Despite low water conditions in some of its walleye rearing ponds, the Inter-tribal Fisheries and Assessment Program (ITFAP) was able to raise more than 760,000 walleye fingerlings for stocking in local waters. Overall, ITFAP’s analysis shows a significant contribution of stocked walleye in ITFAP’s traditional stocking areas, from 33 percent in St. Marys River to 90 percent in Grand Traverse Bay of Lake Michigan.
All ITFAP field staff coordinate their efforts during walleye spawning time to ensure that enough eggs are collected to support each year’s stocking program, said Allard. This year’s early spring prolonged the walleye spawning run ,making it more difficult to collect the target number of adult walleye for egg collection.
The 2012 walleye fingerlings were stocked at traditional stocking sites in the Great Lakes and St. Marys River:
St. Marys River (five locations): 304,000
Brimley Bay, Lake Superior: 99,000
St. Martin Bay, Lake Huron: 230,000
Grand Traverse Bay, Lake Michigan: 127,000
ITFAP’s walleye stocking program continues to be a cooperative effort between ITFAP and the Michigan Department of Natural Resources. ITFAP collected walleye eggs from spawning fish in the St. Marys River and Brimley Bay for stocking back into those waters, as well as St. Martin Bay. MDNR provided ITFAP with walleye eggs collected from Bay de Noc, Lake Michigan, for stocking back into Lake Michigan. MDNR also assisted with trucking some fingerlings to stocking sites in the St. Marys River.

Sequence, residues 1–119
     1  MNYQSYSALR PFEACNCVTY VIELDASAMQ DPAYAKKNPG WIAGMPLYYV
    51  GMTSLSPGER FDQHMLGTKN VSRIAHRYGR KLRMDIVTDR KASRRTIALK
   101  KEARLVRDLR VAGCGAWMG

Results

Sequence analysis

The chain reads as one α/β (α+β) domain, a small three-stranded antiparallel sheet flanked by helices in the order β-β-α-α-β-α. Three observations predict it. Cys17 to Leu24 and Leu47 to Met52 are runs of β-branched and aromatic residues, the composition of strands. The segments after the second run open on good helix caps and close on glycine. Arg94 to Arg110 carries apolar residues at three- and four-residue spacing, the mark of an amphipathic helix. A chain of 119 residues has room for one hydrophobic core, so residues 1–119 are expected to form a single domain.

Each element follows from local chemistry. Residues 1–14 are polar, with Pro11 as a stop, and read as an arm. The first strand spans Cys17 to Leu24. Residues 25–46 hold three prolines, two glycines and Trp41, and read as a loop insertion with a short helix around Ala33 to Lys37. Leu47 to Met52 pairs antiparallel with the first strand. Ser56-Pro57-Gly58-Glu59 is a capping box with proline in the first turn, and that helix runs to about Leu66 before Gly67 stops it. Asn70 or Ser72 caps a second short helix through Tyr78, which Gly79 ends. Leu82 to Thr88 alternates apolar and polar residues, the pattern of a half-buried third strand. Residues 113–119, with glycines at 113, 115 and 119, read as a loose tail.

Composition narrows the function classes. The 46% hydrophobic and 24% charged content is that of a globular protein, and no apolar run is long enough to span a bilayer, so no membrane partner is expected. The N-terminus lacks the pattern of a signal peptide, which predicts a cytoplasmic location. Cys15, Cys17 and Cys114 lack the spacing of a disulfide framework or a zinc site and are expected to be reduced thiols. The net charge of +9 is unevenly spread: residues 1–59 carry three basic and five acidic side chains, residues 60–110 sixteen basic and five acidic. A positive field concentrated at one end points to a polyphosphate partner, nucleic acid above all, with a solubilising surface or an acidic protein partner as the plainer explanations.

But since production was down this year, ITFAP was not able to meet all of its Great Lakes stocking targets or provide fingerlings to MDNR for stocking in some inland lakes as it did in 2011.
All walleye stocked by ITFAP are marked with oxytetracycline (OTC) to distinguish stocked fish from naturally reproduced fish. This helps ITFAP evaluate the success of the stocking program. The OTC mark can be seen on the vertebrae of a walleye under a special light. ITFAP collects walleye samples from tribal fishers as well as non-tribal sport fishers to look for the OTC mark.
Analysis of OTC marks shows that ITFAP’s stocking program is providing a substantial contribution to local fisheries. For example, samples collected during the 2011 Cabelas walleye tournament on the St. Marys River showed 33 percent were stocked walleye. Sampling by tribal biologists in Brimley Bay showed 53 percent were stocked walleye. In Grand Traverse Bay, sampling showed 90 percent were stocked walleye.
The stocking program is administered by the Sault Ste. Marie Tribe of Chippewa Indians, and receives funding support from the Bay Mills Indian Community and the Grand Traverse Band of Ottawa and Chippewa Indians.